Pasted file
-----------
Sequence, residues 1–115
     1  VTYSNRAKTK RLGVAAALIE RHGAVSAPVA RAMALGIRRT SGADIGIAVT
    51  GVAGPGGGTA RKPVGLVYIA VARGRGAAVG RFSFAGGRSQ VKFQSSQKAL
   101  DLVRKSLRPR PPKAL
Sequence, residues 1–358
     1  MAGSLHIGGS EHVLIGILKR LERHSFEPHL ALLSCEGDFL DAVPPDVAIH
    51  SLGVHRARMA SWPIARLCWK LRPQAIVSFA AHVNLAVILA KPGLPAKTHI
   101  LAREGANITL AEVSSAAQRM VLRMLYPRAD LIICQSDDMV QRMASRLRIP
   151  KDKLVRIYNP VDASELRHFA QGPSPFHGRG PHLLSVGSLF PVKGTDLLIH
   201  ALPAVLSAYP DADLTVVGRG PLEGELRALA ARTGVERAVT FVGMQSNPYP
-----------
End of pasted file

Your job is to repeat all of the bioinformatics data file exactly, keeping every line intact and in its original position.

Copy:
Sequence, residues 1–115
     1  VTYSNRAKTK RLGVAAALIE RHGAVSAPVA RAMALGIRRT SGADIGIAVT
    51  GVAGPGGGTA RKPVGLVYIA VARGRGAAVG RFSFAGGRSQ VKFQSSQKAL
   101  DLVRKSLRPR PPKAL
Sequence, residues 1–358
     1  MAGSLHIGGS EHVLIGILKR LERHSFEPHL ALLSCEGDFL DAVPPDVAIH
    51  SLGVHRARMA SWPIARLCWK LRPQAIVSFA AHVNLAVILA KPGLPAKTHI
   101  LAREGANITL AEVSSAAQRM VLRMLYPRAD LIICQSDDMV QRMASRLRIP
   151  KDKLVRIYNP VDASELRHFA QGPSPFHGRG PHLLSVGSLF PVKGTDLLIH
   201  ALPAVLSAYP DADLTVVGRG PLEGELRALA ARTGVERAVT FVGMQSNPYP